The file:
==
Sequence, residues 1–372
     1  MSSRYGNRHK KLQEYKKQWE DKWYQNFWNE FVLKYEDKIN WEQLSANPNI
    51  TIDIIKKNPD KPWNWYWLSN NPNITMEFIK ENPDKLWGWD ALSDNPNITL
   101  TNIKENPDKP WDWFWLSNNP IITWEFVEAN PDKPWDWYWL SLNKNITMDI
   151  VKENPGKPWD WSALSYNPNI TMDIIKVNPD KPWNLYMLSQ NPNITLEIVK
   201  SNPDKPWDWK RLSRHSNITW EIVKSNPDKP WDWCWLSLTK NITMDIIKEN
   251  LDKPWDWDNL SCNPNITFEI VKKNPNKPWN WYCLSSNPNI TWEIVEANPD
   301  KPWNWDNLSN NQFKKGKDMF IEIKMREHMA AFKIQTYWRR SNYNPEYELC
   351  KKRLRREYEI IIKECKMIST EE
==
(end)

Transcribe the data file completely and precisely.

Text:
Sequence, residues 1–372
     1  MSSRYGNRHK KLQEYKKQWE DKWYQNFWNE FVLKYEDKIN WEQLSANPNI
    51  TIDIIKKNPD KPWNWYWLSN NPNITMEFIK ENPDKLWGWD ALSDNPNITL
   101  TNIKENPDKP WDWFWLSNNP IITWEFVEAN PDKPWDWYWL SLNKNITMDI
   151  VKENPGKPWD WSALSYNPNI TMDIIKVNPD KPWNLYMLSQ NPNITLEIVK
   201  SNPDKPWDWK RLSRHSNITW EIVKSNPDKP WDWCWLSLTK NITMDIIKEN
   251  LDKPWDWDNL SCNPNITFEI VKKNPNKPWN WYCLSSNPNI TWEIVEANPD
   301  KPWNWDNLSN NQFKKGKDMF IEIKMREHMA AFKIQTYWRR SNYNPEYELC
   351  KKRLRREYEI IIKECKMIST EE